Conclusions: Y90 radioembolization can be safely used in the HCC population to bridge patients to resection or transplantation, induce future liver remnant growth, and select for less aggressive tumor biology prior to surgery.
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http://dx.doi.org/10.1007/s11605-021-05095-xDOI Listing
August 2021

Post-embolization outcomes of splenic artery pseudoaneurysms: A single-center experience.

Clin Imaging 2021 Jul 26;80:160-166. Epub 2021 Jul 26.

Department of Radiology, Section of Interventional Radiology, Northwestern University, Chicago, IL, USA. Electronic address:

Purpose: Splenic artery pseudoaneurysms (PSA) are relatively rare but associated with high mortality/morbidity when presenting acutely. Embolization has emerged as the treatment of choice. We aim to evaluate the outcomes of embolization for the treatment of splenic artery PSAs.

Methods: From 2007 to 2019, all patients that underwent embolization for splenic artery PSAs were included in this IRB-approved review. Evaluated outcomes included complications, morbidity/mortality rates, and 30-day white blood cell count. Student t-tests were performed to compare laboratory values before and after embolization. 5-year survival rates were estimated using Kaplan Meier methodology.

Results: A retrospective analysis of 24 patients (14 males, mean age 51 ± 19 years) who underwent splenic artery PSA embolization was performed. Fifteen PSA embolizations were performed in an emergent setting. There was technical success in 23/24 patients. Etiologies included trauma (10), pancreatitis (9), post-surgical (3), and malignancy (2). Post-embolization patients had a mean length of stay of 19 days and within 30 days, 9 patients developed leukocytosis (median of 14,800/μl). The 5-year survival rate of these patients was 89% [95% CI 75% - 100%]. Post-procedure, 4 patients developed grade 2 complications. Grade 3 complications were observed in 5 patients. One (4.2%) splenic abscess was identified. Of the 19 patients with follow-up imaging, 14 patients had splenic infarcts (5 infarcts were >50% of splenic volume).

Conclusions: Splenic artery PSAs are encountered in the emergent setting and are most frequently secondary to trauma or pancreatitis. Embolization can be life-saving in these critically ill patients.
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http://dx.doi.org/10.1016/j.clinimag.2021.07.007DOI Listing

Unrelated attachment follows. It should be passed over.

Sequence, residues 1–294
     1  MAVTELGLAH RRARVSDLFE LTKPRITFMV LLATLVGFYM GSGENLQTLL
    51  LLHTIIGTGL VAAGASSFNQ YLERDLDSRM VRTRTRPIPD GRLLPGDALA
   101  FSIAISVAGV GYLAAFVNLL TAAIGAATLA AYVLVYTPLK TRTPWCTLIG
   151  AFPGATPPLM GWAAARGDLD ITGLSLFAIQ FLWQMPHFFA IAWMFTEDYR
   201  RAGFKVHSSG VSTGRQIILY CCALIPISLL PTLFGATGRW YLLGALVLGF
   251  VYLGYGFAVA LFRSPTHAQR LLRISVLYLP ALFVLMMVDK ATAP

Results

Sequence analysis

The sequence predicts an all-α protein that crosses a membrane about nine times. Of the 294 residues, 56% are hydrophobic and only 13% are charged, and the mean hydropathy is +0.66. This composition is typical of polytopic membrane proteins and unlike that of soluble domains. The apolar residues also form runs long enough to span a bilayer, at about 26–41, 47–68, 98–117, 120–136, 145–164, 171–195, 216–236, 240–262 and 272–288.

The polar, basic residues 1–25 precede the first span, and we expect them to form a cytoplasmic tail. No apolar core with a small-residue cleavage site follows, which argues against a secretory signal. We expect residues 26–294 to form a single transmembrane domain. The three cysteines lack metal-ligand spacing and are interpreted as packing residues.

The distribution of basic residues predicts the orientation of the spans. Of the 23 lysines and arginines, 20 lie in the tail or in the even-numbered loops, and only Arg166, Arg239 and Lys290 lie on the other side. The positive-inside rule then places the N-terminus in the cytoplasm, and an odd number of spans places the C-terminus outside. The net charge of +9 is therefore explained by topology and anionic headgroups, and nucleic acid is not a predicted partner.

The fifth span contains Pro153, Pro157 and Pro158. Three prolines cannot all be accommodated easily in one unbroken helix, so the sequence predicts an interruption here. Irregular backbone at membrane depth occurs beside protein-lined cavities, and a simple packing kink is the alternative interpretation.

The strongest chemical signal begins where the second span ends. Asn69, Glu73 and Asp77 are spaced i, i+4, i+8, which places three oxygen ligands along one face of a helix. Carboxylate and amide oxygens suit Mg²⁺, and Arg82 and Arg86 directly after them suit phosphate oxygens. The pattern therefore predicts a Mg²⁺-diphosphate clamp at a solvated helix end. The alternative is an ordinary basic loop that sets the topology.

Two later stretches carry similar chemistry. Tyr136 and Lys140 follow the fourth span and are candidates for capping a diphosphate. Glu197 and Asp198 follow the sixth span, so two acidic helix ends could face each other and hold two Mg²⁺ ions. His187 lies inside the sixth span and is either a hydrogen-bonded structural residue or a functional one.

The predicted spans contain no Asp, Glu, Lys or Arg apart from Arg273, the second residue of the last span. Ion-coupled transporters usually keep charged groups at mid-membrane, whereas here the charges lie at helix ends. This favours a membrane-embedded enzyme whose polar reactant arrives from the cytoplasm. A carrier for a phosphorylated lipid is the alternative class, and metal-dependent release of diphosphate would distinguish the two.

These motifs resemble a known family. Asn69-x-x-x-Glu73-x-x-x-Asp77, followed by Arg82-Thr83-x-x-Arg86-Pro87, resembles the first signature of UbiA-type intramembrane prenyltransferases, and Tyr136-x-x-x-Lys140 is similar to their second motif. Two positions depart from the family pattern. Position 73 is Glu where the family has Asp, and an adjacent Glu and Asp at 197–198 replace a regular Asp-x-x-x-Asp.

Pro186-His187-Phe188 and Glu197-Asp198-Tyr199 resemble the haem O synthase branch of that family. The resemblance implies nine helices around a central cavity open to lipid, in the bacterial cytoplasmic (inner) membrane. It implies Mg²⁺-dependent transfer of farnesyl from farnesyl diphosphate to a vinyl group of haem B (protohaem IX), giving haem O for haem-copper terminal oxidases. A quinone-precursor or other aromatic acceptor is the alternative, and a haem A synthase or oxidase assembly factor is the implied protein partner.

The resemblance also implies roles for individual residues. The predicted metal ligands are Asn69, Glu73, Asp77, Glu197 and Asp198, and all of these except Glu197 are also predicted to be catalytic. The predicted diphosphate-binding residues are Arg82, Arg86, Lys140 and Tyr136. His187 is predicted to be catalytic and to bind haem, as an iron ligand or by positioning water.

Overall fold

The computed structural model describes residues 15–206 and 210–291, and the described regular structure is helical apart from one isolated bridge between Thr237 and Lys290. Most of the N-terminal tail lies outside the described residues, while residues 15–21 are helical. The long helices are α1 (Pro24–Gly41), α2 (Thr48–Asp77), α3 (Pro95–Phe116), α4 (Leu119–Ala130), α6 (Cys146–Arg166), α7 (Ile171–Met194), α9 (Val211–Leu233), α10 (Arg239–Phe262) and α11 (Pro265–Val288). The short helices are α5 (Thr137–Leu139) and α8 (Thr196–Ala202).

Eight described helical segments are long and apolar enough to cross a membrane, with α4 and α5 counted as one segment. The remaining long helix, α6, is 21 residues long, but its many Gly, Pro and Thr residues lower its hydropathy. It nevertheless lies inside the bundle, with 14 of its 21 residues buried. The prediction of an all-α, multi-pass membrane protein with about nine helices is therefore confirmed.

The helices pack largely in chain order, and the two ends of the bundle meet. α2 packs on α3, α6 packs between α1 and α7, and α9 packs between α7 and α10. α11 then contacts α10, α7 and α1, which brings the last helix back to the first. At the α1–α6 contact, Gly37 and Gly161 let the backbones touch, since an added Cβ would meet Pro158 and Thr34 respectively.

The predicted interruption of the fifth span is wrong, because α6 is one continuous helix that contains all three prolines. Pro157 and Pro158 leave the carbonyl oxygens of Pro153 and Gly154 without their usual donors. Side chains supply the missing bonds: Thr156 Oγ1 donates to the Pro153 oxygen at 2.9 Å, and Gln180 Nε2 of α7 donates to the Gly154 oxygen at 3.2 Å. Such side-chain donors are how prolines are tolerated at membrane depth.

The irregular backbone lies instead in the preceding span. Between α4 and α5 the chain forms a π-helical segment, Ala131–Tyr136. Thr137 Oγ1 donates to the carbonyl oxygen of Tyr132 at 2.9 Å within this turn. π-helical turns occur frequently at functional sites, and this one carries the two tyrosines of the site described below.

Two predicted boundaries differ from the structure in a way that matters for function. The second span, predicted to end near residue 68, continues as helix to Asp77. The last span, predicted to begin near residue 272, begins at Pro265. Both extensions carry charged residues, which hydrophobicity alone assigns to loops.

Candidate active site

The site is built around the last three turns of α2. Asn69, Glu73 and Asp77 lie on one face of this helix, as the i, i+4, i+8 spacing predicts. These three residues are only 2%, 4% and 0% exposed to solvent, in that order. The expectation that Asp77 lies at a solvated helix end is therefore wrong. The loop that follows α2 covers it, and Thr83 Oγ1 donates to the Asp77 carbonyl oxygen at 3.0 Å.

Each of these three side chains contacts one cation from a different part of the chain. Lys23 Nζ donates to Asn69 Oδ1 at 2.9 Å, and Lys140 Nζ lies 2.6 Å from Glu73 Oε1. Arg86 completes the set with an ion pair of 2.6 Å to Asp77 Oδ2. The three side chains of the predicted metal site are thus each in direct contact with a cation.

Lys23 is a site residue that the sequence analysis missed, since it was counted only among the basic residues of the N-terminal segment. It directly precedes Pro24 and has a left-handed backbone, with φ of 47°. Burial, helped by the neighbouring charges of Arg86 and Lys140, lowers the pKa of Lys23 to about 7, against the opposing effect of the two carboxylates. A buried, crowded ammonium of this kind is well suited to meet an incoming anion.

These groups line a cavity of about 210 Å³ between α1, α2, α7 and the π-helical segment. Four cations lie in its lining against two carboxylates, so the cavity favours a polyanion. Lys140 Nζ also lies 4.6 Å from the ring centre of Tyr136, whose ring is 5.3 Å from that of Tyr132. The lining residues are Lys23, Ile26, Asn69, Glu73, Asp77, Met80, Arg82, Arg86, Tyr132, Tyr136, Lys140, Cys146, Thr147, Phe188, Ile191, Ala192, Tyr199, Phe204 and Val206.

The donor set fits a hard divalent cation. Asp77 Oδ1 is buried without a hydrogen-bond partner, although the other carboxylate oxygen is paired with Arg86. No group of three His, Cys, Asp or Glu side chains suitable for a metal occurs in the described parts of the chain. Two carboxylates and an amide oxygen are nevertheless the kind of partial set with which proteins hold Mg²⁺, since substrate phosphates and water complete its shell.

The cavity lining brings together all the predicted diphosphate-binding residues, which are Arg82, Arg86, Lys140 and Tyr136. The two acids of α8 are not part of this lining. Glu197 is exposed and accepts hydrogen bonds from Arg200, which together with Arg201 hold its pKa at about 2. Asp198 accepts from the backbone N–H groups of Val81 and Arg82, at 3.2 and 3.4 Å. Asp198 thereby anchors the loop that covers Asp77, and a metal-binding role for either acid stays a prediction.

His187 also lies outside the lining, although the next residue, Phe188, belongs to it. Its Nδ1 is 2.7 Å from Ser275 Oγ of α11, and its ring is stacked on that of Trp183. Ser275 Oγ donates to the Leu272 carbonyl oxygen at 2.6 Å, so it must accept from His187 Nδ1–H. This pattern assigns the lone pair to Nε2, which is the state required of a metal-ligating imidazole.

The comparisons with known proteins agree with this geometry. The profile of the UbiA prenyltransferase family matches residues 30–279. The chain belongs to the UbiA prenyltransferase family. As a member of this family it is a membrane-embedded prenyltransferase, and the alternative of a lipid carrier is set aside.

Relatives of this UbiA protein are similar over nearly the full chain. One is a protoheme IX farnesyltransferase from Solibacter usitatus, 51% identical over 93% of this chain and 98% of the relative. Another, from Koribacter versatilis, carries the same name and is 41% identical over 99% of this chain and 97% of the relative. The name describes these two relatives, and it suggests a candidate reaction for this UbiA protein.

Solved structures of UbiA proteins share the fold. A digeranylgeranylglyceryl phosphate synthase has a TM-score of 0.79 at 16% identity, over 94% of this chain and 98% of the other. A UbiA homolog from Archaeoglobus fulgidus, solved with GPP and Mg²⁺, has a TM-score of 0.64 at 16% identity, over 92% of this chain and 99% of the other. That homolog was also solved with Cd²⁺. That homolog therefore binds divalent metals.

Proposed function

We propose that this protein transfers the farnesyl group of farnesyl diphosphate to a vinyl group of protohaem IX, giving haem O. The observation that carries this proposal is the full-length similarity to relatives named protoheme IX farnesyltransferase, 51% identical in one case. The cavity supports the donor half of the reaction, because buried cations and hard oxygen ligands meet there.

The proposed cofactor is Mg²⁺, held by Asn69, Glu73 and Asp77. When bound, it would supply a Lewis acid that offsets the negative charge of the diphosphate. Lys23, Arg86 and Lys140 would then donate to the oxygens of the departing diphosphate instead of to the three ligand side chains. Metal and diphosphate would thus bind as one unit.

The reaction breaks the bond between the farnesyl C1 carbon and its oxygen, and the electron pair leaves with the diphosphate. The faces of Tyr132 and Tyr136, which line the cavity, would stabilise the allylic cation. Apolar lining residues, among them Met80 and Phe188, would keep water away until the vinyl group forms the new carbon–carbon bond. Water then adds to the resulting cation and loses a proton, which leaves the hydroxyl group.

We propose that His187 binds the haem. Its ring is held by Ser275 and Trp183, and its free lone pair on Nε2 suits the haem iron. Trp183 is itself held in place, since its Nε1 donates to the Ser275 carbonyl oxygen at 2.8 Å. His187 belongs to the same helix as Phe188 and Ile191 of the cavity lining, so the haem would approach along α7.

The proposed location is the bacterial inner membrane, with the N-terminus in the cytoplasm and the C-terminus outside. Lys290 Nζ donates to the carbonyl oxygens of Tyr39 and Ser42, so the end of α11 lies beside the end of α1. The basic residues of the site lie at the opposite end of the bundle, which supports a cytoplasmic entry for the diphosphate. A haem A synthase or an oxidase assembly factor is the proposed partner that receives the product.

July 2021

Collaboration, supervision and patient safety in the era of COVID-19: an analysis of medical wards and ICU.

Ir J Med Sci 2021 Jul 4. Epub 2021 Jul 4.

Department of Therapeutics and Clinical Pharmacology, St James's Hospital, Dublin, Ireland.

Aims: COVID-19 resulted in significant changes across medical wards and ICU in St James's Hospital Dublin. This included the implementation of ward-based medical teams (WBMT). The purpose of this study was to identify how these structural changes affected inter-professional collaboration, supervision and patient safety.

Methods: Questionnaires were distributed to doctors working on medical wards and ICU at the height of the first wave of COVID-19. The sense of collaboration, patient safety and supervision were assessed.

Results: Fifty-three doctors took part in the study. Thirty-three (62%) felt that collaboration was better than normal. Forty-six (87%) of participants described supervision as "good" or "excellent". Thirty-one out of 40 participants (77%) felt that patient safety was better than normal.

Discussion: Implementation of WBMT may result in improved sense of collaboration, supervision and patient safety during COVID-19; however, the increased sense of solidarity and comradery felt during the initial surge make drawing these conclusions challenging.
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http://dx.doi.org/10.1007/s11845-021-02693-1DOI Listing
http://www.ncbi.nlm.nih.gov/pmc/articles/PMC8254665PMC
July 2021

The association between increasing oral anticoagulant prescribing and atrial fibrillation related stroke in Ireland.

Br J Clin Pharmacol 2021 Jun 15. Epub 2021 Jun 15.

Mercer's Institute for Successful Ageing, St James Hospital, Dublin, Ireland.

Aims: Recent increases in the number of patients with atrial fibrillation (AF) prescribed oral anticoagulants (OAC) are evident in Ireland and internationally, largely due to the availability of direct oral anticoagulants (DOACs). This study aimed to determine the rate of stroke in the context of increasing anticoagulation utilisation, with a focus on AF-related ischaemic stroke (IS).